Health Tech News This Week – December 31, 2021

What happened in health care technology this week – and why it’s important.

Image Credit: Shutterstock.com

At-home wireless monitoring of acute hemodynamic disturbances to detect sleep apnea and sleep stages via a soft sternal patch

An article in Science Advances describes research from Georgia Tech on a fully integrated, wearable patch for at-home use capable of wirelessly monitoring the mechanical, electrical, and optical signals that arise from acute hemodynamic disturbances during sleep apnea and changes in the sleep stage. The soft sternal patch is the first device to demonstrate simultaneous recording of ECG, PPG, and SCG from a single location, enabling accurate derivation of the vital SCOPER metrics recommended by the AASM to diagnose OSA. In addition, this device provides crucial insights into how the cardiovascular system responds to apneas with a second-by-second resolution, which is not possible with even the most expensive and sophisticated echocardiograms or alternative cardiovascular mapping systems.

Image Credit: Georgia Tech

Why it’s important – The combined assessment of ECG and SCG allows for a thorough evaluation of the electrical and mechanical function of the cardiovascular system during OSA. Trial results report apnea and hypopnea detection with 95% precision and 100% sensitivity compared to data professionally scored by licensed clinicians. In addition to accurately detecting apneas, this device provides clinicians with critical insights into how each apnea affects the patient’s cardiac mechanics, blood oxygenation, and sleep quality. One limitation to the study was the small sample size. So, more extensive studies will be required to determine whether these results hold across a larger cohort of test subjects.


Infographic of the week – COVID-19 Risk Level by State as of December 27th

Image Credit: Center for Systems Science and Engineering at Johns Hopkins University

New Wearable Detects Respiratory Exacerbations: Interview with Dr. Maria Artunduaga, CEO of Respira Labs

Conn Hastings of Medgadget interviews the CEO of Respira Labs in this online article. Respira Labs, a MedTech company, based in California, created the Sylvee sensor, an adhesive patch that the user wears on their lower rib cage and monitors respiratory health. The device works through acoustic resonance, whereby it emits sound into the chest cavity and analyzes the echoed vibrations. The measured data provide information on lung air volume and correlate with the amount of air trapped in the lungs, which can offer a warning sign that a respiratory exacerbation is possible.

Why it’s important – COPD (or Chronic Obstructive Pulmonary Disease) is the third leading cause of U.S. deaths, affecting 30 million Americans today and killing more than 150,000 people a year in the U.S., with a cost of $49 billion annually. Asthma affects 26 million Americans at an annual cost of more than $80 billion per year. With many COVID-19 patients experiencing impaired breathing for sustained periods after their initial infection has subsided, this type of technology could be very useful in monitoring respiratory health. Up to 43% of hospitalized COVID-19 patients report persistent dyspnea (breathlessness) up to six months after discharge, and a substantial proportion of them continue to suffer from respiratory symptoms for much longer. Today, up to 30% of COVID-19 survivors report long-term respiratory symptoms — about 11.5 million people to date in the U.S. It’s clear from these statistics that left unchecked or untreated, respiratory symptoms can lead to permanent lung damage and progressive deterioration of lung function.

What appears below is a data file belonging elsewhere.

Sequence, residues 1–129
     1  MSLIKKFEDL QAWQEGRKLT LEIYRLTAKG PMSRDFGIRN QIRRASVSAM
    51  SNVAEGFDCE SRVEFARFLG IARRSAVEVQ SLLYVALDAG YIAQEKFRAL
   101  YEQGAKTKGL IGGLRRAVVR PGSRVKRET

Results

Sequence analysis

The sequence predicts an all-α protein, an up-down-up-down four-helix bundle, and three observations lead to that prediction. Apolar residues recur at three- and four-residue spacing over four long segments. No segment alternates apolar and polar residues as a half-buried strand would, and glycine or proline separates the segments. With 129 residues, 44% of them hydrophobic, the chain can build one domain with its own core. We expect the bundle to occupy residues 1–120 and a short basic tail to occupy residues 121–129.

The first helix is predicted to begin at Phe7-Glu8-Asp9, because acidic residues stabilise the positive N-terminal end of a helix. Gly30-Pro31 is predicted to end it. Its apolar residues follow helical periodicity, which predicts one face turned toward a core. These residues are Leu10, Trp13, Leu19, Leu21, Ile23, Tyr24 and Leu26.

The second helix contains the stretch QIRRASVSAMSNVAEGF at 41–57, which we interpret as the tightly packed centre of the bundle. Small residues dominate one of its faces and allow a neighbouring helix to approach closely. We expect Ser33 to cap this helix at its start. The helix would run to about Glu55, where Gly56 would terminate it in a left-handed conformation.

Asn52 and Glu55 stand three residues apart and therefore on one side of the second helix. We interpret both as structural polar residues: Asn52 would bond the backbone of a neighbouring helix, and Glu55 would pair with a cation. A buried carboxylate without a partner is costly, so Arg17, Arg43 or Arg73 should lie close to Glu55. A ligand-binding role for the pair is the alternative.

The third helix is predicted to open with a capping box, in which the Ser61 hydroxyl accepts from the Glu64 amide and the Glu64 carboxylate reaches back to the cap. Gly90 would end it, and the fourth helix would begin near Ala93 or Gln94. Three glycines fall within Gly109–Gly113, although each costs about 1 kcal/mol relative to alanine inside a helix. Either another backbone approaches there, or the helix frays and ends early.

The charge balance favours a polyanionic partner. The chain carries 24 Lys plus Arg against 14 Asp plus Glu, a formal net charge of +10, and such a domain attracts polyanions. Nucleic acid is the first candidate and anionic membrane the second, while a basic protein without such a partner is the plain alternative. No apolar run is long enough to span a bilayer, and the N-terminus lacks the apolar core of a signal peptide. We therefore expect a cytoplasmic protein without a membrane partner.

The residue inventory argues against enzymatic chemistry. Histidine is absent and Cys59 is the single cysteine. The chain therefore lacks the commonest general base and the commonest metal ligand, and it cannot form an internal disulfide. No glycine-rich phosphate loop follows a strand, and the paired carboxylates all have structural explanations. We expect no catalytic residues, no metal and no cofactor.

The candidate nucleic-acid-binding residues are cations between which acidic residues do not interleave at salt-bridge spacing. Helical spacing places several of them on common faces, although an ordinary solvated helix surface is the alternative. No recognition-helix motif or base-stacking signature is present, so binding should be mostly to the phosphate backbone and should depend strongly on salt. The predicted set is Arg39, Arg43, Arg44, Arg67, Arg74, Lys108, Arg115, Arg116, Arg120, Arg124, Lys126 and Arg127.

Three missing pieces the digital therapeutics sector needs to succeed in 2022

The digital therapeutics space saw notable advances in both regulation and funding rounds in 2021, as hundreds of millions in new funding poured into the sector. Mario Aguilar reports in STAT (subscription required) that to get widespread adoption, digital therapeutics will need to continue to prove they work and that they can save money, secure more reliable reimbursement from health plans, and streamline patient experiences.

Why it’s important – Evidence continues to be a sticking point for digital therapeutics. Unsurprisingly, clinical trials conducted by companies in controlled settings don’t sway all observers. Real-world data acquisition and analysis will help solve that problem. In 2022, we’ll be watching for more data. Digital products for managing chronic conditions — diabetes, hypertension, musculoskeletal problems, and behavioral health — have made significant progress already. I wrote about digital formularies in a previous post. But pharmacy benefits managers and health plans are not equipped to evaluate and adopt these products, though a few limited pilots are cropping up around the country. Finally, even if digital therapeutics companies can secure good data and reliable reimbursement, they face another major challenge: getting products out into the world so that patients use them — and do so correctly. The path to accessing products must be simple, and doctors need to be able to monitor their patients’ progress without creating loads of additional work.


A Happy and Healthy New Year to All!

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